Between 2005 and last year, Linda Ross Swanson began making regular trips to Backspace in Old Town. But she wasn’t going there for a cup of coffee or to see live music. Instead, she went there to listen to stories of despair, grit and redemption from Portlanders who’ve struggled with poverty and addiction before getting on the road to recovery. Swanson used the material for “Wisdom Under the Bridge: The Prophets from Skid Row.”
The book includes the stories of 12 individuals who have overcome addiction and street life to become sober and productive people. The stories are presented as oral histories and take on stream-of-consciousness-like qualities, which Swanson used to capture each prophet’s voice and narrative. Swanson, a private grief counselor who serves as an associate sister at the Holy Names Sisters Foundation, hopes that telling the stories of how these individuals overcame adversity will provide lessons to others, while also challenging readers’ perceptions of the homeless.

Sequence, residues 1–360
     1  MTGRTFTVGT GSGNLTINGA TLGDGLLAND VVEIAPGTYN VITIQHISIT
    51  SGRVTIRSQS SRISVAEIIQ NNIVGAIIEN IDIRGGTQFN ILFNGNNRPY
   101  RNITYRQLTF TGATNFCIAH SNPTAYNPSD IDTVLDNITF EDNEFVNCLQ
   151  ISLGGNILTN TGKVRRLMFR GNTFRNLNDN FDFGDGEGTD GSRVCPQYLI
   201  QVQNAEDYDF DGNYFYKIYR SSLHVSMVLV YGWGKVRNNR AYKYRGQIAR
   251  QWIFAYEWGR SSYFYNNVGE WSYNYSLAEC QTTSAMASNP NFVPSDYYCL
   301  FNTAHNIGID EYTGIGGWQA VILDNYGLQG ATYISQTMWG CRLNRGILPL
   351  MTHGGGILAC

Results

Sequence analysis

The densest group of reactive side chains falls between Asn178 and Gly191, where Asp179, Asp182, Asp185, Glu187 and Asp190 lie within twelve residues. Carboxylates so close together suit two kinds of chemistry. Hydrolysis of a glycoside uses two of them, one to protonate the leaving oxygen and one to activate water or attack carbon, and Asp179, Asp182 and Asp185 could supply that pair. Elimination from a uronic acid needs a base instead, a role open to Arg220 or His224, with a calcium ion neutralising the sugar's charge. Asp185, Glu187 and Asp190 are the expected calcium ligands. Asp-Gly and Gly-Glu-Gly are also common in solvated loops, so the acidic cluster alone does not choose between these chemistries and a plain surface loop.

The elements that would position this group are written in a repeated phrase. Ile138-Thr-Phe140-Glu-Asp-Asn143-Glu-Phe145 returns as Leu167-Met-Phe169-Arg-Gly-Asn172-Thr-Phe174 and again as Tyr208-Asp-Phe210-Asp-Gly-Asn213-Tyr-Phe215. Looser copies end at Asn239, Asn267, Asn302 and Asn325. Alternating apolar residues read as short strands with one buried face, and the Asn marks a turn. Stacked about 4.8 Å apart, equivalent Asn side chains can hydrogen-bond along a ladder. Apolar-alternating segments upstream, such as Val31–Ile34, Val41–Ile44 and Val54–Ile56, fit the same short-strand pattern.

Jake Thomas: The stories in the book are meant to be similar to or modeled after “ethical wills” or “wisdom wills.” I was hoping you could talk a little bit about how you discovered wisdom wills and why you wanted to use this format.
Linda Ross Swanson: Well, in 2005, I got my master’s degree in applied theology at Marylhurst University. It’s an inter-faith program, and one of the exercises in one of our classes was to do a ritual from one of the major religions. I came across the Jewish tradition of an ethical will, which dates back to biblical times when Jacob gathered his 12 sons around his death bed and bequeathed his blessing and his wisdom and his instructions. Continue reading